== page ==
We disagree with Rodgers. Although the literature on CSR supplies plenty of anecdotal evidence of corporate altruism – for example, the oft-repeated story of Merck’s development of its river blindness drug (see “Sharing Power” in the fall 2005 issue of the Stanford Social Innovation Review) – our research shows that regulation is the surer path to soulful corporate behavior. Using KLD Research & Analytics’ annual ratings of several hundred public corporations, we find the following patterns: 1) the corporations most engaged with their communities, particularly through corporate philanthropy, are financial institutions whose contributions are effectively mandated by the Community Reinvestment Act of 1977; 2) corporations with the best environmental records, which include petroleum refining, primary metals, rubber and plastic, and utilities, are those with the most contact with the Environmental Protection Agency; and 3) the industries with the best employment practices, which include metal extraction, airlines, petroleum refining, and transportation, are among the most heavily unionized.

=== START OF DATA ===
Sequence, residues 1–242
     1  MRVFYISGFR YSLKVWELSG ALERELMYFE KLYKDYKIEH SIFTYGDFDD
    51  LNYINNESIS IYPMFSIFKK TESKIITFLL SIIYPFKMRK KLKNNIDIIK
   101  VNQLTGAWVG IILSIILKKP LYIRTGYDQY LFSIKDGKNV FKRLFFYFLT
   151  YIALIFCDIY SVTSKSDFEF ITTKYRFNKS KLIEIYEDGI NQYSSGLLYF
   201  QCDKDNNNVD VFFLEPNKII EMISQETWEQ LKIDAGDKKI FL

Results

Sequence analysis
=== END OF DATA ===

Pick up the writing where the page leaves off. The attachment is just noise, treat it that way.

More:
This suggests that if we want multinationals to exceed standards of responsible behavior, then we need to understand how and where those standards are defined. It also means that, in the absence of such standards – regulation and other forms of organized social pressures – multinationals are unlikely to adopt best practices. The paradox of responsibility may paralyze them, rather than move them to action.
CSR has been a contested concept, as many have argued that the responsibility of the corporation is solely to make a profit. Now and in the future, however, management that ignores its social responsibilities will always be behind the curve.
The authors thank the Center for Advancing Research and Solutions for Society at the University of Michigan for supporting this research.